This might be a silly question
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Thread: This might be a silly question

  1. #1
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    This might be a silly question

    but I need to know once I get the new computer built.

    I bought a Netgear extender thinking I might need it to get WIFI from my brother's router/modem in his room. My computer is in the living room; however, I didn't need it as the WIFI was picked up right away.

    Now I'd like to get this computer off WIFI and onto Ethernet cable.
    The Netgear Extender has two Ethernet ports but to use it by hooking up a cable (cat6), instructions say to use a router in between and hook up a cable to the Ethernet port on the extender then hook up another on the router to computer.

    Here's the question. I have a wireless router I was going to use before I bought the extender and from where I was going to hook it up but never did. It's still in the box it came in, on a shelf in my closet.

    Since it is wireless, and wired, can't I just setup the router, have it pick up the wireless, then hook up the cable to the Ethernet port on the computer and leave the extender (still in its box).

    And I hope you all understand what I typed because I'm still on my first cuppa and not fully awake yet.
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  2. #2
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    That is somewhat confusing, at least to me. Are you wanting to completely eliminate all wireless links from your computer to the internet? If yes, then just run a Cat 6 or Cat 5e cable from the computer to the router/modem from your ISP. The only potential drawback to this is that you may have to run the cable through walls/floors/ceilings, or to avoid that around baseboards and under doors.

    I assume that the modem/router that connects to your ISP has more than one ethernet port to connect devices to. Most do these days. If yours doesn't, then a simple switch might suffice, or if you are using a separate wireless router, it may have some free wired ethernet ports.

  3. #3
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    Since it is wireless, and wired, can't I just setup the router, have it pick up the wireless, then hook up the cable to the Ethernet port on the computer and leave the extender (still in its box).
    It sounds like you want to use the WIFI router as a wireless repeater/bridge. Something like this? Main router >> WIFI >> Second router >> Ethernet >> PC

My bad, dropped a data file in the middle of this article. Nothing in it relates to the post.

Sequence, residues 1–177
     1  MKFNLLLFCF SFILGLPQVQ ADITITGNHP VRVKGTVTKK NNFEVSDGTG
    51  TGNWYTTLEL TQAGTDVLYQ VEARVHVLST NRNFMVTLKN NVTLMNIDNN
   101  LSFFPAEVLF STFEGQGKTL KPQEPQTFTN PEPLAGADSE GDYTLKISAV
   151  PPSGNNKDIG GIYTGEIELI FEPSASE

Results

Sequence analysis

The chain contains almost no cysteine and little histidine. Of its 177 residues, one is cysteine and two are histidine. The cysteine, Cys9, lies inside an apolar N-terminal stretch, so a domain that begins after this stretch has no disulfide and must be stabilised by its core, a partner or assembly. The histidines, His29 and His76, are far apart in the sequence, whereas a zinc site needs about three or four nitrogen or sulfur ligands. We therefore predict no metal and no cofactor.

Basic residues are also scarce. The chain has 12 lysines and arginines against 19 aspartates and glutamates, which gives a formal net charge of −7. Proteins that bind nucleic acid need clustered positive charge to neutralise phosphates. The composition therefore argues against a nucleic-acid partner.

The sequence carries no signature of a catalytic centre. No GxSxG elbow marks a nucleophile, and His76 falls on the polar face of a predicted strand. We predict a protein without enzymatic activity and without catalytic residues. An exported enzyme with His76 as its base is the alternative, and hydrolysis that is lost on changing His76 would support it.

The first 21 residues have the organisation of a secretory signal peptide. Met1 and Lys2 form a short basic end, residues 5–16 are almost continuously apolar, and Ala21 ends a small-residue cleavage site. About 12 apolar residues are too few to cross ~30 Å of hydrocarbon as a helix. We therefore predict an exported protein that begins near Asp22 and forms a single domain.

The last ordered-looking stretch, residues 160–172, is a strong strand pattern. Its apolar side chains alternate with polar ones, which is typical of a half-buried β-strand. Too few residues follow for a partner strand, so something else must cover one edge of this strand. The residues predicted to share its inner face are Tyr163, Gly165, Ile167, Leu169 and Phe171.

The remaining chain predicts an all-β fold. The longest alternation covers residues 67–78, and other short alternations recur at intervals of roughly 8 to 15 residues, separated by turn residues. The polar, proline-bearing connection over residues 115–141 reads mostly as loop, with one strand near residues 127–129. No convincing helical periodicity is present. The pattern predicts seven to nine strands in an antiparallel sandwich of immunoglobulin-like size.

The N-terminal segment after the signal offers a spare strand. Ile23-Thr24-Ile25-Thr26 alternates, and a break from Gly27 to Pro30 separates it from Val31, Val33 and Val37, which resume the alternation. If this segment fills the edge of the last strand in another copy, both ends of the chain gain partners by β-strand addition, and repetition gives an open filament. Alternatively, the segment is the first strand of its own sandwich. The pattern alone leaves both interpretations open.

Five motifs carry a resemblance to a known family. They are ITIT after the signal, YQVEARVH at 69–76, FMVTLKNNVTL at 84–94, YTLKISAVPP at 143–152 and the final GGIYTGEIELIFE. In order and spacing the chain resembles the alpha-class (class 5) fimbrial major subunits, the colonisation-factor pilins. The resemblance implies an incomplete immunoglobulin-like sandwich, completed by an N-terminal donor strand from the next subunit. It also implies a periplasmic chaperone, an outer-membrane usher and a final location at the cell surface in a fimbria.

You would need to find out if your router has a repeater or bridge mode. I'm not sure if there's an advantage to setting it up that way, though.

  4. #4
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    First off, I figured what I said would be confusing.

    To clear things up, what Midknyte said is closer to what I was thinking to do. I cannot drill holes in our walls because the house is also owned by four other people. Besides the walls have wire behind the plaster.

    But if I can't use my router in the way I tried to explain, perhaps, using the extender in the way it said to get Ethernet would be a better setup.

    I don't want to eliminate the wireless completely, otherwise I couldn't use the extender.

    My router is a new model, and has Ethernet ports, I believe four of them. My brother's router/modem has extra Ethernet ports as well, but as I explained above about drilling holes, I can't use his router/modem.

    I wanted to remove the computer from using wireless because it's too slow. And it's sometimes dangerous to be on WIFI instead Ethernet.
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  5. #5
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    The extender is basically a wireless repeater/bridge. You didn't say the make/model of your router. Not all routers have a repeater/bridge option, even newer ones.

    You'd still have to connect wirelessly to the main router, so I don't see how that helps performance. Do you mean you want to put the extender/second router closer to the main router, and then run an ethernet cable to your computer?

    What do you mean it's "slow"? Did you do tests with Speedtest or something like that?

    Unless you get rid of WIFI completely, I don't see it being any safer. As long as you use WPA2 encryption, you should still be pretty safe.

  6. #6
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    My router is an ASUS Dual Band Gigabyte wireless AC=1300/ RT=ACRH13